Off to the Races

Why House Control Is Getting the Headlines

Both a micro- and macro-analysis suggest the lower chamber is more likely to flip.

President Trump delivers his State of the Union address Jan. 30.
AP Photo/Susan Walsh
July 9, 2018, 8 p.m.

This year is one of the few in memory when the fight for control of the House is getting more attention than the one for the Senate, normally the more glamorous of the two.

The Senate could flip from Republican to Democratic, but there's about a one-in-three chance of that, and the odds are better that if just one chamber flips, it would be the House. Chambers changing hands are fairly rare occurrences: Prior to President Clinton’s disastrous 1994, the last time the House had switched sides was 1954. But the House that the Democrats once won for 20 consecutive elections has now flipped three times in the last 25 years—1994, 2006, and 2010. That is less frequent than the Senate, which changed control in 1954, 1980 (note a rare presidential-election-year flip), 1986, 1994, 2006, and 2014. At least one of the chambers has flipped in four of the past six midterm elections.

The old saying that “I vote the person, not the party” is a lot less true today than years ago. Now people tend to be more parliamentary in their voting, more likely to vote a straight-blue or straight-red ticket in a given election. Candidates and recruiting still matter, but considerably less than in the old days. It is now possible for a somebody to be beaten by a proverbial nobody.

People tend to forget just how horrific the eight years of the Obama administration were, at least electorally speaking, for House Democrats. When President Obama was sworn into office in 2009, Democrats had 256 seats and the GOP had 178. By the time Obama left office, Democrats had just 194 seats and Republicans had 241—a net loss of 62 seats for Democrats, which includes the six seats that Democrats gained in the November 2016 election. Thus Democrats start off in a position of having few to lose and many to gain: Republicans now hold 25 districts that Hillary Clinton won in 2016, and Democrats have just 12 Trump congressional districts. In other words, House Republicans are overexposed. And Republicans have 38 open seats, where no incumbent is seeking reelection in November, while Democrats have just 20. As of now, Democrats will need a 23-seat net gain for a majority, assuming all six GOP vacant seats and two for Democrats stay with their respective parties when filled in special elections—not necessarily a safe assumption given the precarious hold that Republicans have on Ohio’s 12th District, where Rep. Pat Tiberi resigned (there will be a special election Aug. 7).

Other than computer modeling, there are two ways to try to predict House gains and losses. The bottom-up, micro approach looks at each district individually, starting with Alabama’s 1st District and ending up with the at-large seat in Wyoming. The second is more of a top-down, macro political approach, looking at election history, presidential approval ratings, and the generic-ballot test (some also subjectively factor in general feelings of the national mood and anticipated turnout patterns). In “normal” election years, the micro approach works well, while in wave years, the macro method tends to work a bit better. Looking at it race by race, Cook Political Report House Editor David Wasserman estimates that Democrats are probably on track to gain at least 20 seats and as many as 35 seats.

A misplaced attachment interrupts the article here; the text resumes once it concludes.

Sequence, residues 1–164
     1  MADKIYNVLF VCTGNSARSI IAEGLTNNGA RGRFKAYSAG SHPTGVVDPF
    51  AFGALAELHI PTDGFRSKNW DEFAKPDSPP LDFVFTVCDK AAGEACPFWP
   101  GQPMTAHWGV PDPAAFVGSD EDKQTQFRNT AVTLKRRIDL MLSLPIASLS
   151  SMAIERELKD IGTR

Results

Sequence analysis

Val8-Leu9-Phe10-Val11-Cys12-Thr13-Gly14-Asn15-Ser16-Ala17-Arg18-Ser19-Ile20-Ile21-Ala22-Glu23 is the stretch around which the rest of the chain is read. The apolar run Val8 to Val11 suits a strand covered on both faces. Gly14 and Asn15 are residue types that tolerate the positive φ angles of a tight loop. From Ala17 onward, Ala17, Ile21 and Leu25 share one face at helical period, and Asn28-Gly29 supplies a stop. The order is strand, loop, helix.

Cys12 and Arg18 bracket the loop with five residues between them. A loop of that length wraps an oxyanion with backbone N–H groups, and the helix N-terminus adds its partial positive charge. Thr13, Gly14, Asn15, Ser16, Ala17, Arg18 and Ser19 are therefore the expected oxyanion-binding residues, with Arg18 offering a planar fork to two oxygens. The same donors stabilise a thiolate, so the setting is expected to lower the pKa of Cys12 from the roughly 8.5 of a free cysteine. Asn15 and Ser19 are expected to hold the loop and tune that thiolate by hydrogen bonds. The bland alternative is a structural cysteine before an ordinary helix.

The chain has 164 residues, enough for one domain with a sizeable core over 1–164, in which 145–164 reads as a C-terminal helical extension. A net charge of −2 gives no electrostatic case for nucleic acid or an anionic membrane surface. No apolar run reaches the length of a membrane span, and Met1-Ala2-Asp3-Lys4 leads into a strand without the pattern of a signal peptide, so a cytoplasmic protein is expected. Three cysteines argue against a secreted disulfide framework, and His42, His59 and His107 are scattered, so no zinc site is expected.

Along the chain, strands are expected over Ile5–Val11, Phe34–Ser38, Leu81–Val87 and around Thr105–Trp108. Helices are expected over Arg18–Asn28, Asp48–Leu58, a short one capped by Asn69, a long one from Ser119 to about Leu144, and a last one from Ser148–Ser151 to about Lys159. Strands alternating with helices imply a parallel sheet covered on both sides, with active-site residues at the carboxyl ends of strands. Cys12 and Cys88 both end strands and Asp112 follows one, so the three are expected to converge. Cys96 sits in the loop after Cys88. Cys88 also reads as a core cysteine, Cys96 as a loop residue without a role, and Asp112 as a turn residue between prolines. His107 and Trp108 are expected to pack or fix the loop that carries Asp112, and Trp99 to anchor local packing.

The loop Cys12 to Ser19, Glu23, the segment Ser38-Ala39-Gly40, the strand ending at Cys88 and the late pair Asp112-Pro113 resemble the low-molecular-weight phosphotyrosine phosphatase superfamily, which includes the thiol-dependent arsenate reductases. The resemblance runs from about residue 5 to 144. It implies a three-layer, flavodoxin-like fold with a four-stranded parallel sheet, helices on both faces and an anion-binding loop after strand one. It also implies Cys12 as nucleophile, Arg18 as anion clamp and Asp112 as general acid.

A more macro approach actually doesn’t come in much different than the micro. President Trump’s approval rating in the July 2-8 Gallup poll was 41 percent, with a 56 percent disapproval rating. If his approval rating going into Election Day is the same, it would be 3 and 4 points worse than Obama and Clinton had, respectively, going into their disastrous first-term midterms with losses of 63 and 54 seats, respectively. The RealClearPolitics average of Trump’s approval ratings sits at 43.4 percent, while Nate Silver’s FiveThirtyEight puts it at 42.1 percent. On the generic ballot, RCP puts Democrats ahead by 7.3 percentage points while FiveThirtyEight has the Democratic edge at 8.3 points. In days of yore, such numbers would suggest enormous Democratic gains, but that does not account for district maps and population patterns which considerably mitigate Republican vulnerabilities. The 20- to 35-seat range looks good on the macro level as well.

Of course, Republicans could in theory actually gain seats or break even, an extremely unlikely result barring some cataclysmic event. A loss of fewer than 20 seats is less likely but not that bizarre of an outcome. Or Democrats could gain more than 35 seats; they would need to gain 46 seats to equal the very narrow majority that Republicans currently have, though it should be noted how difficult it has been for the GOP to govern. The bottom line is that the House changing parties is much more likely to happen than not, but it is nowhere near a done deal.

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